As a teenager, Karen Sonja Marie Sheppard soon realized it was futile trying to get people to pronounce her first name correctly and settled for "Karn." The Danish pronunciation is actually two syllables with a broad "a."
To her many friends, she's always been Karn. To most of her nieces and nephews, she was Aunt Karn and to some, including her two grandsons and several great nieces and nephews, Nannie.
"Mother was a natural 'nannie' because of her interest and devotion to kids," said son, Lawrence Angle said.
Karen was born in her mother's native Denmark, but the family moved to Hagerstown in 1925 when she was a baby.
Her father had gotten on a ship in Baltimore bound for Denmark at the age of 12 or 13, settled there and in time, married. The couple had three children.
After returning to the United States for more work opportunities, three more children were born. Karen was the last survivor of her siblings.
Both of Karen's parents worked at Fairchild Aircraft, and her father also worked for M.P. Moller Inc., as did Karen.
Karen met Gene Angle, who was from Greencastle, Pa., in the summer of 1941 at the Palace Restaurant on Greencastle's square. She had been ice skating in Waynesboro, Pa., with her younger brother and it was a classmate of Gene's who drove the skating party that evening.
Gene, who had enlisted in a National Guard cavalry unit in Chambersburg, Pa., in his junior year of high school, was home on furlough from Camp Shelby, Miss., when he stopped at the popular restaurant.
The couple hit it off and about a year later, with Gene stationed in North Carolina, Karen and her sister, Ing, traveled by bus to York, S.C., to meet him. Karen and Gene eloped on Sept. 7, 1942, marrying in South Carolina because that state did not have a 24-hour waiting period.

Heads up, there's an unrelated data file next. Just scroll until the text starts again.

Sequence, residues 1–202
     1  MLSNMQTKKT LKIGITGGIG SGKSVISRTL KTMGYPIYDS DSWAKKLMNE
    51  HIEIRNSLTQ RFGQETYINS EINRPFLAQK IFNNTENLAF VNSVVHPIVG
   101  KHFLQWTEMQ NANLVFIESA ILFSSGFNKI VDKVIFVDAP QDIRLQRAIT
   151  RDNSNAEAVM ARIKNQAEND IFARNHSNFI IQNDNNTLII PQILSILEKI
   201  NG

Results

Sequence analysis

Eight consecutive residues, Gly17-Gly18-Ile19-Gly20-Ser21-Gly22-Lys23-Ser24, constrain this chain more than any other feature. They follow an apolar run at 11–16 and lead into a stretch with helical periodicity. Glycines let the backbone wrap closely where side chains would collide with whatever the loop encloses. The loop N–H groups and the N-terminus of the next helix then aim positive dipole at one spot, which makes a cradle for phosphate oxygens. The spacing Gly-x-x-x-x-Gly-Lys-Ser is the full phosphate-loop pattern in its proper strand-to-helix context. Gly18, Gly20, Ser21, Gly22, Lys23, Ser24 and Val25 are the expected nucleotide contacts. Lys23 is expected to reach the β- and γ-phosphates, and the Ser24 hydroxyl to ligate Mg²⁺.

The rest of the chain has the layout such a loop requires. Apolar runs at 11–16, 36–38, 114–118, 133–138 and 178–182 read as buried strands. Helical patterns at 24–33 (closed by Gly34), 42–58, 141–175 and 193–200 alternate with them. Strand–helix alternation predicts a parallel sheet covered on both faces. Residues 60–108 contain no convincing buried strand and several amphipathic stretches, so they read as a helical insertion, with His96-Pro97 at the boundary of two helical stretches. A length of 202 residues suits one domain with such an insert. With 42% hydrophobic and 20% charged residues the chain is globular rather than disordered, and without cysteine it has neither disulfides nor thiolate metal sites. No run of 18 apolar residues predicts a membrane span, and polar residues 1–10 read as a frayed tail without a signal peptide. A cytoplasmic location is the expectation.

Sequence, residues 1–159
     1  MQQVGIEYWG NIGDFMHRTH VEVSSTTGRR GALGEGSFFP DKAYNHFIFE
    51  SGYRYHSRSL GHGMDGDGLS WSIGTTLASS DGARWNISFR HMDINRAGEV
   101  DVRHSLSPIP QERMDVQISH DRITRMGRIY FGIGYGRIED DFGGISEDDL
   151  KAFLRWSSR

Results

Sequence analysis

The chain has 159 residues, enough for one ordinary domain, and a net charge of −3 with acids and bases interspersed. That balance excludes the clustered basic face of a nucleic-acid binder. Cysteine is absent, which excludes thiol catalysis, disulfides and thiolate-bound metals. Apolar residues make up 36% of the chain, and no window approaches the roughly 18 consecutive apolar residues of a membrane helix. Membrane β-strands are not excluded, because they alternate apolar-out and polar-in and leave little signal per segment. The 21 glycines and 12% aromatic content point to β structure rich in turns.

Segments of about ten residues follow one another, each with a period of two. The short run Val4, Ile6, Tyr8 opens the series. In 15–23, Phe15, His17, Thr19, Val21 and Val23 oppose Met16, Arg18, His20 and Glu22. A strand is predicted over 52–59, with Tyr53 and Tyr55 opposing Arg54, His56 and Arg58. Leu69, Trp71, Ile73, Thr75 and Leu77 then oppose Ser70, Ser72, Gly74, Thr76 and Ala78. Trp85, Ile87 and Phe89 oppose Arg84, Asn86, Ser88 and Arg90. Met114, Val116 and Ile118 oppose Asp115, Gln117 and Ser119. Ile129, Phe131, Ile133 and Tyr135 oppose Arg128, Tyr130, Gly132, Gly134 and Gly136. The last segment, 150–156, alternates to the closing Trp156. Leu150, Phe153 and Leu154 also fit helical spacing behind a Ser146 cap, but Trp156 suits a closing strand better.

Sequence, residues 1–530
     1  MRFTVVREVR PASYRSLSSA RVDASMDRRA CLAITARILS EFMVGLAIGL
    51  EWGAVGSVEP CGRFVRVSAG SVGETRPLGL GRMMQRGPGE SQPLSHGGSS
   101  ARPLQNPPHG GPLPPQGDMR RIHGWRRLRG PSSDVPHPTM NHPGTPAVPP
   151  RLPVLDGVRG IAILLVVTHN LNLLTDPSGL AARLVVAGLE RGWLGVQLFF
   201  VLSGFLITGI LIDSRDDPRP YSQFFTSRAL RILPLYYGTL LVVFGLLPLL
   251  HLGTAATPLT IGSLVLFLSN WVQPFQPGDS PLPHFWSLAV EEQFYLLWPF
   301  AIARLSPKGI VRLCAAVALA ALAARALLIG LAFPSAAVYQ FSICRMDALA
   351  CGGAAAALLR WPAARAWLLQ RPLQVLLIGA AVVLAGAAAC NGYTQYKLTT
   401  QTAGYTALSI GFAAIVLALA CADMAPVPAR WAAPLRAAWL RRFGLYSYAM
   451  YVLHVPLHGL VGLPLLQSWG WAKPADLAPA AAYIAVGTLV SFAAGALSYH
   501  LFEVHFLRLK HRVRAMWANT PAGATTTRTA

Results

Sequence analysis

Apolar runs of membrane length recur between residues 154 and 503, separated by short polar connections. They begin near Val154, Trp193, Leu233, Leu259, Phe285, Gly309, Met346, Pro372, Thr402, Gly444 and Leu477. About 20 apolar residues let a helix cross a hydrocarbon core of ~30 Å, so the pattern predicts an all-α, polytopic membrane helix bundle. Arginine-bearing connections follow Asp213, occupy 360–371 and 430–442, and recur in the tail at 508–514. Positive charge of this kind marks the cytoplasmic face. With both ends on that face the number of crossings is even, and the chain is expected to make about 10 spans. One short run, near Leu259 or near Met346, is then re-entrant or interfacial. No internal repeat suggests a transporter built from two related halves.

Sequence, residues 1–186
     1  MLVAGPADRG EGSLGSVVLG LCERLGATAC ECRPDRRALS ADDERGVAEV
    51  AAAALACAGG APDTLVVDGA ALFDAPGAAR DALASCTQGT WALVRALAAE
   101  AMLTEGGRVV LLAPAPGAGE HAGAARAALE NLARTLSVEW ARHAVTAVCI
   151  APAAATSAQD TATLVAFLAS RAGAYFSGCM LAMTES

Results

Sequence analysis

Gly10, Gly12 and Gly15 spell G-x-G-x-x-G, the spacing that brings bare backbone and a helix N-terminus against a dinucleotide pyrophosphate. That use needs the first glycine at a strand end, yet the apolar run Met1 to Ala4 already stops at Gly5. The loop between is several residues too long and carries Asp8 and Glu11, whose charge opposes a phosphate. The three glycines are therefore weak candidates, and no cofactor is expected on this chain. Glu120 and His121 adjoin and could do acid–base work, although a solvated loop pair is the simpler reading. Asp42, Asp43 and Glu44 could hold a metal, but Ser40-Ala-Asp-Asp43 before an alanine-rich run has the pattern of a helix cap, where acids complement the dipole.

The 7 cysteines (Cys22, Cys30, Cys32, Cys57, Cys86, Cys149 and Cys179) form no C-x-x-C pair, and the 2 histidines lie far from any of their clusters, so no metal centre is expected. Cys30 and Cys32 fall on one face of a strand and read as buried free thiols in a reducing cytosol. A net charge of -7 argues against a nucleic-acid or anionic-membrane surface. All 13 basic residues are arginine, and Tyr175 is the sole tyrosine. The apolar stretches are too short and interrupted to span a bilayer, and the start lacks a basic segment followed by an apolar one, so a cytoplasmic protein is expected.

It was the beginning of a long, happy marriage that spanned almost 69 years.
After they wed, Karen returned home to Hagerstown, but visited Gene as military passes allowed.
Lawrence was born about a year later, but didn't meet his father until he was about 2 1/2, because Gene was sent overseas during World War II.
Karen worked for Hagerstown Shoe Co. before beginning a 41-year-career as a school crossing guard. Gene retired from the Western Maryland Railway after more than 40 years of service.
"World War II was a major influence in their lives, their era, their careers," said Lawrence, who added that his father served during the entire war and that all of Lawrence's uncles served voluntarily.
Lawrence, who was an only child, said his parents raised a niece and nephew from his mother's side of the family in their two-bedroom home on Salem Avenue. They took the children in when they were very young.
Terry Young, now deceased, was seven years younger than Lawrence and Kimberly Sheppard, now Lushbaugh, was 14 years younger. Lawrence was away at prep school, then college, for much of that time, but said his cousins were like siblings.
Kimberly wrote in a tribute on the funeral home website how blessed she was to have Karen in her life, as did many others.
"You taught me so many great and good things in my life and you were always there for me," Kimberly wrote.
Former neighbor Virginia Bartles said her youngest daughter and Kimberly were inseparable, which is how she got to know Karen.
"Both of us were active in the PTA. Those five years, we thoroughly enjoyed our time there. She was just the nicest person, industrious and kind. I have really fond memories," Virginia said.